A Michigan woman claims her father died of the rare Eastern Equine Encephalitis (EEE) virus. If confirmed, his death would mark the second in the state and the fourth in the nation so far this year.

Amy Wright said her father Guy Bowen, 63, died Saturday from complications of the mosquito-borne virus. His death came roughly a week after she found him unresponsive in his home.

After he was rushed to a local hospital, doctors worked to find what was sickening Bowen, who was a father to three children and a grandfather to six, Wright told WWMT.

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“They had done MRIs to see if he had a stroke. They had taken samples of spinal fluid to then test, and that came back negative of anything,” she told the news station. “Seven days later, they decided the best thing to do was take another sample and hope that antibodies had started to form to show them what kind of virus he was in fact fighting.”

“My dad was very independent. He didn’t ask for help from people. He wanted to do things himself, and he was too proud to want a life like that.” 

— Amy Wright on taking her father off of life support

Preliminary tests reportedly confirmed Bowen was suffering from EEE. However, his case has not yet been confirmed by state health or federal health officials, per WWMT.

Eventually, Wright said, she and her family made the decision to take her father off of life support.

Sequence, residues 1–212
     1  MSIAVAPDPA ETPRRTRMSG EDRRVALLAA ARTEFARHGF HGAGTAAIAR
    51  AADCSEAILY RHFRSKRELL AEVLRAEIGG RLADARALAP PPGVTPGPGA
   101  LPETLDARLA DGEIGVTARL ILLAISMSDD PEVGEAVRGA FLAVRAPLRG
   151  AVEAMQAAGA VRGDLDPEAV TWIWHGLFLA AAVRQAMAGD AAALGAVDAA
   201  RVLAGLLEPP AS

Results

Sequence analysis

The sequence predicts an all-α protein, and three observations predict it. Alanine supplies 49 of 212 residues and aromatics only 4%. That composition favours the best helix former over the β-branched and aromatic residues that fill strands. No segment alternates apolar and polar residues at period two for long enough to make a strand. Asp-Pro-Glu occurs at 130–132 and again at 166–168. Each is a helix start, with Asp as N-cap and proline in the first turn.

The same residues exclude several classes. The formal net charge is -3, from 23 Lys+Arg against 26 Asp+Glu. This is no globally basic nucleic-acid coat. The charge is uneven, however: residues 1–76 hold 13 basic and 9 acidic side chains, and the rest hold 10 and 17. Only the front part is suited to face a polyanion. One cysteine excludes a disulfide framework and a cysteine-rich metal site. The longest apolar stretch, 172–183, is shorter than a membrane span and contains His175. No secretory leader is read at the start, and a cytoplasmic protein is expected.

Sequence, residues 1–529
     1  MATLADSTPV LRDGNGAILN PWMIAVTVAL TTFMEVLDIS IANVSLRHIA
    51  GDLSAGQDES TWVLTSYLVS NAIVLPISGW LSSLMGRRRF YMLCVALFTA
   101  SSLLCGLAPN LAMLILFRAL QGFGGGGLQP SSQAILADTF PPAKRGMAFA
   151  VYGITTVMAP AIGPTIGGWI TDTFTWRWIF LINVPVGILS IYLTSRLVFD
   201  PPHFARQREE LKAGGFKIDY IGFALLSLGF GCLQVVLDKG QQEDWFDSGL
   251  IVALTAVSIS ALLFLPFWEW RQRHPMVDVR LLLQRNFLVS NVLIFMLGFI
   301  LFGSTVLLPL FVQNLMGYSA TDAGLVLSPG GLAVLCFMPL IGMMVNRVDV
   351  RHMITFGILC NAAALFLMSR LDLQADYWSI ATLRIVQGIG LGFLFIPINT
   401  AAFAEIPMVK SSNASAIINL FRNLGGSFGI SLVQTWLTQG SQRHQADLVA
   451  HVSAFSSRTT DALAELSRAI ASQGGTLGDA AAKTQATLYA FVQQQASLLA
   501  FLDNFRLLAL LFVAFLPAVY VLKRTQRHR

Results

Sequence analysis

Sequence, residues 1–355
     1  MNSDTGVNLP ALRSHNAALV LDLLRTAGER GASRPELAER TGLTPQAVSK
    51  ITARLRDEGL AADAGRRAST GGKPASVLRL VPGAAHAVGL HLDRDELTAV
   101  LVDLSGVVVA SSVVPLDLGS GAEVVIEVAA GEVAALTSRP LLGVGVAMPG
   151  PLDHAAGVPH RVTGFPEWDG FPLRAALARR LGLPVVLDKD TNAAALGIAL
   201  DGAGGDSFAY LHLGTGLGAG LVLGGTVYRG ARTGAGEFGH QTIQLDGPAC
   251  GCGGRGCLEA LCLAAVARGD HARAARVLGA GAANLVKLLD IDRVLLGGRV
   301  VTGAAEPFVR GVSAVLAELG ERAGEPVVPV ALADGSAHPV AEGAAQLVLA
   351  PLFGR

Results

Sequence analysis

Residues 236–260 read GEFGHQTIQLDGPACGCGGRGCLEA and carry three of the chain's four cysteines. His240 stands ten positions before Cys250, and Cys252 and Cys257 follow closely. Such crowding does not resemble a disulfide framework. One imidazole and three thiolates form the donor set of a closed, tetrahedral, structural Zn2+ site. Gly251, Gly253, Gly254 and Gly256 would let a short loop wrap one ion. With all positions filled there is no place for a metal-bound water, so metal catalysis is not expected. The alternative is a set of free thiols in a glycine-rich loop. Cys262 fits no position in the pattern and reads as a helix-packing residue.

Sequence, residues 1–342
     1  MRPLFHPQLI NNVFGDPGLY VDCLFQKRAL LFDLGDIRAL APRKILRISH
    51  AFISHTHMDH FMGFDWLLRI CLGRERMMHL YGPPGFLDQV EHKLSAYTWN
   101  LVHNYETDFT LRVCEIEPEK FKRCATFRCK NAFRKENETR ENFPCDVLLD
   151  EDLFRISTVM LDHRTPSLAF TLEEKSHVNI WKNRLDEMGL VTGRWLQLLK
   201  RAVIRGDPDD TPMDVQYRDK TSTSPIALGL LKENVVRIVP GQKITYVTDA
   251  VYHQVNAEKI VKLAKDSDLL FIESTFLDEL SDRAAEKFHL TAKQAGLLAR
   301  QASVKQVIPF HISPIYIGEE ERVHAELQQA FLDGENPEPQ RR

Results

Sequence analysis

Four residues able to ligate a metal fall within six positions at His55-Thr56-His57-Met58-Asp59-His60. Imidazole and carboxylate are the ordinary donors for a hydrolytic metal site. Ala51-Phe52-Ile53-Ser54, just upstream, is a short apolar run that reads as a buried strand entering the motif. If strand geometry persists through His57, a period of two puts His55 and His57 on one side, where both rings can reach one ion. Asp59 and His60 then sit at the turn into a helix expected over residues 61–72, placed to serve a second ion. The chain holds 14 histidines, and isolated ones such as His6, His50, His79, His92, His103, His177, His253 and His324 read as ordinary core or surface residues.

“My dad was very independent. He didn’t ask for help from people. He wanted to do things himself, and he was too proud to want a life like that,” she said.

The Kalamazoo County Government confirmed the first death from EEE in Michigan this year in a Sept. 6 statement.

EEE, according to the Centers for Disease Control and Prevention (CDC), is a rare disease spread by infected mosquitoes. EEE “is one of a group of mosquito-transmitted viruses that can cause inflammation of the brain (encephalitis),” the federal health agency says.

EEE is more common in the Atlantic and Gulf Coast states, though the CDC said some cases have been reported in the Great Lakes area. It’s rare — only five to 10 cases are typically reported each year in the U.S.

Symptoms of EEE usually appear four to 10 days after a person is bitten by an infected mosquito. Severe cases of the virus “begin with the sudden onset of headache, high fever, chills, and vomiting,” said the CDC, which noted, “the illness may then progress into disorientation, seizures, and coma.”

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One-third of those infected with EEE virus die; survivors typically have “mild to severe brain damage.” There’s no specific treatment for the infection.

Aside from the death confirmed in Michigan, Rhode Island officials recently announced an EEE death, which marked the first in the state since 2007. Additionally, a Massachusetts woman died of EEE in August.